THOMASVILLE — Flowers Foods is gearing up for a changing landscape in the food industry, company leaders said Thursday morning.
Flowers Foods executives laid out the challenges for the company and the strategy for meeting those at the company’s annual shareholders meeting, held at the Thomasville Municipal Auditorium.
“As we approach our 100th anniversary, the food industry is experiencing a great deal of change,” said Allen Shiver, president and CEO of Flowers Foods. “That change is opening up new opportunities for all of us and especially at Flowers Foods.”
With the company’s 100th birthday coming in 2019, Flowers Foods has launched “one of the most important projects in our recent history,” Shiver said. Project Centennial will establish two business units, fresh bakery and specialty/snacking brands, and also will realign leadership roles.
“Project Centennial is about preparing Flowers Foods to deliver shareholder value and growth in the years ahead,” Shiver said.
The company also is working to adjust to a changing consumer, Shiver added, now that companies such as Amazon and Walmart sell fresh food that is ordered online and delivered directly to homes.
“What has worked in the past no longer fits new competitive environment we are dealing with today,” Shiver said. “Consumers are shopping differently. Project Centennial will bring significant change to our company so we can compete more effectively in today’s environment and take Flowers Foods to the next level of meaningful growth.
“We did our homework,” Shiver told the assembled shareholders and guests. “We analyzed, assessed, benchmarked and examined every aspect of our business.”
Added chief financial officer Steve Kinsey: “We have seen many changes not just in baking but in consumer preferences.”
The company also will rethink how and where it bakes and take its mindset from local and regional to that of a national brand, Shiver said.
Flowers Foods’ network of independent distributors now has access to 85 percent of the U.S. population and its geographic reach stretches from California to Maine.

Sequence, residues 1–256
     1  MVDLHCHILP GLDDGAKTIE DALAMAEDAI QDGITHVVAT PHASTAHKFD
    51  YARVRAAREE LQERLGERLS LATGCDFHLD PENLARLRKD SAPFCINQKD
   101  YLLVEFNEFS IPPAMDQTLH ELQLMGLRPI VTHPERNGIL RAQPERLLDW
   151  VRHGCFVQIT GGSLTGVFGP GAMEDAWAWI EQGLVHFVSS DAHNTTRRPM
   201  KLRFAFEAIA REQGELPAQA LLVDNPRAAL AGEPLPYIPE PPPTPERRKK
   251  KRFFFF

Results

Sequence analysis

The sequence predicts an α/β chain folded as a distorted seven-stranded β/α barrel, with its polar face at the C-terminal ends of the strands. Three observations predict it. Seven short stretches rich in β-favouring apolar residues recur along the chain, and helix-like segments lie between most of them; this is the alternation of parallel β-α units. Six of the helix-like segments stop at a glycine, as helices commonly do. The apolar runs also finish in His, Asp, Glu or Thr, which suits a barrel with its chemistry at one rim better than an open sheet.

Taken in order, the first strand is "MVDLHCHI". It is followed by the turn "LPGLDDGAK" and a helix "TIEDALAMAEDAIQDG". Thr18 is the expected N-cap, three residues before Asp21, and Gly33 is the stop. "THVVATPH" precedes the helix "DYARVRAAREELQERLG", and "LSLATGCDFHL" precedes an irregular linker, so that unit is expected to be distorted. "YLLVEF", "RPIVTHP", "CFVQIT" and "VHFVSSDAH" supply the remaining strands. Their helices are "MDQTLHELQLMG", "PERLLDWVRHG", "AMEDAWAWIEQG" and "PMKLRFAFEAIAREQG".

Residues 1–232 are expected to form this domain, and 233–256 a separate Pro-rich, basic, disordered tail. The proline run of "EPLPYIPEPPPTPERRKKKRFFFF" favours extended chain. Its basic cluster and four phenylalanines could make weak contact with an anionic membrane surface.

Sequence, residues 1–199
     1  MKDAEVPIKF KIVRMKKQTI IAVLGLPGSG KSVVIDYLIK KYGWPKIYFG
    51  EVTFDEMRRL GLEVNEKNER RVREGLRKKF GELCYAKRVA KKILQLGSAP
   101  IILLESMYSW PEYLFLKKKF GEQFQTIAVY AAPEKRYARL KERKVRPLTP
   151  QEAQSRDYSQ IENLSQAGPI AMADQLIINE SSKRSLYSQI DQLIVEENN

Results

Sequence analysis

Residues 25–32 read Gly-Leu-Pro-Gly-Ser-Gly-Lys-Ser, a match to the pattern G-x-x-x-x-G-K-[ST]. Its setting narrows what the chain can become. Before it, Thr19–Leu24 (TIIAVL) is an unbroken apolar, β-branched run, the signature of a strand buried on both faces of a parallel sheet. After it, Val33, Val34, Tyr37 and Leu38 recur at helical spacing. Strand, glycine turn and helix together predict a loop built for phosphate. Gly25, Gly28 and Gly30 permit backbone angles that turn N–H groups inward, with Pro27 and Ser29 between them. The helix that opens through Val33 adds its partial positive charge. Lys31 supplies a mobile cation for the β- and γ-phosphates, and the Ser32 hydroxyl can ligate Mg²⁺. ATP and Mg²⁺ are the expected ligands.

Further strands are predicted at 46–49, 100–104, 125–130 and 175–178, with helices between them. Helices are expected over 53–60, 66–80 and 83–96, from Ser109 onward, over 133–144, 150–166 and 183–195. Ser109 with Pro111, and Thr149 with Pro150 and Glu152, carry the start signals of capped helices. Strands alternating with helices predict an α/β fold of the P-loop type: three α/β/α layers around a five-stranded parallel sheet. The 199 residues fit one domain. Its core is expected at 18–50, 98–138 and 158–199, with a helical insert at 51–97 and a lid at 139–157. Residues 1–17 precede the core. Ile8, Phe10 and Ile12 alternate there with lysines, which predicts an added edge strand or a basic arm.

Sales from 2011-16 grew by more than $1 billion to $3.9 billion annually for Flowers Foods, and dividends per share have grown from 4 cents in 2004 to an annualized rate of 68 cents per share. With more than $1 billion in sales, Flowers Foods’ Nature’s Own brand is the top-selling bread in the U.S.
Revenue for fiscal year 2017 is expected to range from flat to 2 percent and a soft marketplace affected first quarter results, according to the company. The goal for sales for fiscal year 2019 and beyond is sales growth from 3 to 4 percent.
Company leaders also pointed out the growth in the organic bread market, which Flowers has entered after the purchase of Dave’s Killer Bread and Alpine Valley.
“Dave’s Killer Bread has been a real success for Flowers,” Shiver said. “It give us entree into the premium organic bread category. It has an incredibly loyal fan base of ‘bread heads.’ With DKB and Alpine Valley, Flowers is now the leading producer and marketer of fresh packaged organic bread in the U.S.”
With more people turning to organic products to products that are non-GMO (genetically modified organism), Shiver said the future is bright for Dave’s Killer Bread and Alpine Valley.
“It is so exciting if you look at what is taking place in the food business in general and in the organics sector,” Shiver said. “We are tremendously excited about Dave’s Killer Bread and about Alpine Valley. We are excited about the organic category. It’s growing at an extremely rapid rate and we have the No. 1 brand.”
The company also is aiming toward more sustainability at its facilities, exploring ways to reduce the use of energy and water, Shiver added.
“It’s a lot of change, a lot of opportunities and a lot of hard work,” he said. “This is a multi-year journey to enhance shareholder value.
“We’re excited about the opportunities,” Shiver added. “It is clear there is change ahead. But I have full confidence in the Flowers team at work right now from coast to coast.”
As the company girds for a changing marketplace and new ways of doing business, Shiver insisted one thing will remain steadfast.
“What won’t change is our unique Flowers culture,” he said.